Planning on travelling soon and need some practical advice? Geoff Harris shares ten tips to help you get excellent photographs wherever you choose to go.
The beauty of travel photography is that it encompasses so many different styles and approaches – portraiture, landscapes, wildlife, architecture, even documentary photography. Most people have been on holiday with a camera, but that doesn’t make them travel photographers – so what is good travel photography? Good travel images are usually well composed, well exposed and go much further than the average snap in capturing the flavour of a place. Good travel images tell a story. They’re interesting to people beyond your immediate circle, and who’ve never even been to the places you’ve photographed. Here are ten practical tips for getting memorable shots from your travels.
Even if you book a trip at the absolute last minute, you should do a bit of research on the best places to photograph in your destination(s). With the internet, you don’t even have to buy guide books any more. Simply do a Google Image search of where you are going and you’ll be hit by a barrage of photographic inspiration. Be ambitious with your photographic itinerary, but realistic; if you’re planning a 40km taxi drive a to a temple, make sure you time it right so you don’t spend the whole morning stuck in traffic. If you have longer in a more exotic destination, it’s often worth booking a photographic guide to make things easier and find interesting subjects. Contact them directly via websites or social media or visit travel photography forums and get some recommendations.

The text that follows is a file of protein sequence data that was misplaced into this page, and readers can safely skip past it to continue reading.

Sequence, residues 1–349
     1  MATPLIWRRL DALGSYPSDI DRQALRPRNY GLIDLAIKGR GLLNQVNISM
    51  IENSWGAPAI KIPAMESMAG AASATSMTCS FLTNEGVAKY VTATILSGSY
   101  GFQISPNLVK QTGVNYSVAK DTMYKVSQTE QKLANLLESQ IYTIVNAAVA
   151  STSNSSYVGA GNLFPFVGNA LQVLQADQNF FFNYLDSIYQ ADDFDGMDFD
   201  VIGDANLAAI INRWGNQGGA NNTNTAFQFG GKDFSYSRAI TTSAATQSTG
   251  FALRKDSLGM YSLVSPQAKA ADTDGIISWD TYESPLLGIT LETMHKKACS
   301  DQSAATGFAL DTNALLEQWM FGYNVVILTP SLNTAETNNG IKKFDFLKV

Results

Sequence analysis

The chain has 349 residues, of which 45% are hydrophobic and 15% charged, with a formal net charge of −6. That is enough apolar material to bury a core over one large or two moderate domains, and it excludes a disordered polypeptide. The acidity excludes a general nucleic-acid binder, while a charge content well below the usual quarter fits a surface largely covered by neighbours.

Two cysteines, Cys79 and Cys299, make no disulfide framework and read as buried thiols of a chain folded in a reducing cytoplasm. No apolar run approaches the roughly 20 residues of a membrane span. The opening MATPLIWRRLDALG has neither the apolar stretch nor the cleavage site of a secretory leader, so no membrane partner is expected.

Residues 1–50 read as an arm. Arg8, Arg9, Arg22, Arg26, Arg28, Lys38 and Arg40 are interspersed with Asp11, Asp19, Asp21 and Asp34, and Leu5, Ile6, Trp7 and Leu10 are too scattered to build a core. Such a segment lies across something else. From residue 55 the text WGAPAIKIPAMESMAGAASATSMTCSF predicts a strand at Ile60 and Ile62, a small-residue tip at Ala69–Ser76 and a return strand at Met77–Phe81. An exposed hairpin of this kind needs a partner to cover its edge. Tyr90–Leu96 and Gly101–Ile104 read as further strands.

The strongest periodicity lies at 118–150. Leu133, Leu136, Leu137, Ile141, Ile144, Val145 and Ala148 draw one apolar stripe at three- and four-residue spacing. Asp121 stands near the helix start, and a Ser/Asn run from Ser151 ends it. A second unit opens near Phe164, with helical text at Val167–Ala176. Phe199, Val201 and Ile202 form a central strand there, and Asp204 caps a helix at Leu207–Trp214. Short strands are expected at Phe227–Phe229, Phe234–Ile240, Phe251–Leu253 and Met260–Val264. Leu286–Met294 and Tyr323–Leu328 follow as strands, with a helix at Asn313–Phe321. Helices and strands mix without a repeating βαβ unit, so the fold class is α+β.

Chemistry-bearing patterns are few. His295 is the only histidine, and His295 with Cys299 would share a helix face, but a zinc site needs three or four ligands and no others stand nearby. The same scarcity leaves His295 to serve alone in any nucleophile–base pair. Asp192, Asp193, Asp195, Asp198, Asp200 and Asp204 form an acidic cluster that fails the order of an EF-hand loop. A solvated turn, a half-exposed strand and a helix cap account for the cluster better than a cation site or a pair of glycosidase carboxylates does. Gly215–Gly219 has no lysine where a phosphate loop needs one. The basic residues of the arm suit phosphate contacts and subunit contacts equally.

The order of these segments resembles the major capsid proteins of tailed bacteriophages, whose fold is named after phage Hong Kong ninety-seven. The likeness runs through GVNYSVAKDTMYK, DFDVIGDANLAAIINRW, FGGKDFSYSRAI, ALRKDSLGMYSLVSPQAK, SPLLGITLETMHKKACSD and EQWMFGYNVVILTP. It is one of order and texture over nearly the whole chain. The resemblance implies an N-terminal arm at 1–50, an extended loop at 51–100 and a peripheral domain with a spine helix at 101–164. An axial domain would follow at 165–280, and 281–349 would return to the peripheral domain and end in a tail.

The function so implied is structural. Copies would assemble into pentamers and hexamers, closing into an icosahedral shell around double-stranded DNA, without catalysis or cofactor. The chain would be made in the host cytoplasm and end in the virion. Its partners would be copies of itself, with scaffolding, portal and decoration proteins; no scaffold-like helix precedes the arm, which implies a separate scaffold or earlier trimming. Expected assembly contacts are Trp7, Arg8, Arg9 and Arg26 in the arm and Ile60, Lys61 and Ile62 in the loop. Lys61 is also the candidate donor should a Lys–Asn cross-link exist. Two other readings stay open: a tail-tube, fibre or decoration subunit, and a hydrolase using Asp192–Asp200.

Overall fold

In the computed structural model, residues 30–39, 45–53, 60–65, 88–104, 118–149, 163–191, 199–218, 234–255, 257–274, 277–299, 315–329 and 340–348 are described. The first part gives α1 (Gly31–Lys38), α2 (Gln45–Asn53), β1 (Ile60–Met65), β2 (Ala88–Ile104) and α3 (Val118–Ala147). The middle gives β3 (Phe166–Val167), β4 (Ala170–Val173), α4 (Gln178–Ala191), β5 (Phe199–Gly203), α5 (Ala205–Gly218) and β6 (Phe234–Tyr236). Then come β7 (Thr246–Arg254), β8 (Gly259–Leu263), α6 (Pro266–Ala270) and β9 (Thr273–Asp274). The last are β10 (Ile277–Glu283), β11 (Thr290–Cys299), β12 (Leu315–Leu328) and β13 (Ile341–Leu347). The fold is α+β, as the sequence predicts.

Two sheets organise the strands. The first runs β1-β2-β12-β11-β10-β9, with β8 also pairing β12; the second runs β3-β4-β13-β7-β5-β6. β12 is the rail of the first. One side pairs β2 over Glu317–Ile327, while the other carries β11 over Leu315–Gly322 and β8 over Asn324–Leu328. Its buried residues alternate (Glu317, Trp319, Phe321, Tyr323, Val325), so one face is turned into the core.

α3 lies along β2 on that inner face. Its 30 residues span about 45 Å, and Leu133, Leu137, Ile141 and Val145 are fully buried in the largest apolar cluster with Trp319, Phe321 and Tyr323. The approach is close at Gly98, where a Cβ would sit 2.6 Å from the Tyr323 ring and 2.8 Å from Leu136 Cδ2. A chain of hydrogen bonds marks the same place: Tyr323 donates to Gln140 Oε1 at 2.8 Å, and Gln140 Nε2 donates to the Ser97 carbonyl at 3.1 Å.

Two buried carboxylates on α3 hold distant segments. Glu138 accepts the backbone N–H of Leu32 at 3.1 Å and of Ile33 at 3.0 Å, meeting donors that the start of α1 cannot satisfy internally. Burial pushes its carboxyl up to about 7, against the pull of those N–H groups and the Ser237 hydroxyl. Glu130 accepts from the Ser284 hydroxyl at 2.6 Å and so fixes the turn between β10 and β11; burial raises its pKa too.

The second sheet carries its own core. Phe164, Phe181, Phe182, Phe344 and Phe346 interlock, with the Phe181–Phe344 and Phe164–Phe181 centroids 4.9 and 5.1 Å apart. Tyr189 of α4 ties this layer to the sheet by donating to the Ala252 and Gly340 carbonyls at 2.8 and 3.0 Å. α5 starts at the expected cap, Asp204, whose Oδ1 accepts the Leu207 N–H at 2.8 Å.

2. Pack carefully
It’s very tempting to take everything but the kitchen sink on a once-in-a-lifetime trip, but don’t overpack. At the very least, you need a compact with a decent zoom lens, or a Compact System Camera or DSLR. If you can change lenses, try to take a standard wide-to-telephoto zoom (eg 24-70mm), a 50mm or 85mm fixed-length ‘prime’ lens with a wide aperture, and, if space permits, a longer zoom, such as a 70-200mm lens. Try to include a lightweight travel tripod (carbon fibre is ideal) and a cable release for night and long-exposure shots too, and possibly a couple of filters. You may also choose to take a flashgun but this is arguably less important. The crucial thing is to try and fit everything into a comfortable shoulder bag or rucksack that you can take into a plane’s cabin, rather than taking the risk of checking it in. Spare batteries and spacious memory cards are essential too.
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3. Get acclimatised
Once you’ve arrived, spend some time just wandering around and getting your bearings. If you’re itching to take some photos, markets are a good place to start, particularly in more exotic locations such as the Far East. Stall-holders want your custom, so they are often fine about being photographed (it’s polite to buy something small in return), and you will find lots of distinctive colour, sights and smells. Remember, shooting small details of a place, or the local produce, can capture its essence as well as any shot of a famous tourist spot. Be sensitive to local customs (hopefully you did some research in advance) and respect religious sensibilities. Take a break if you get hot and thirsty at a local cafe; often you can get great images just watching the world go by.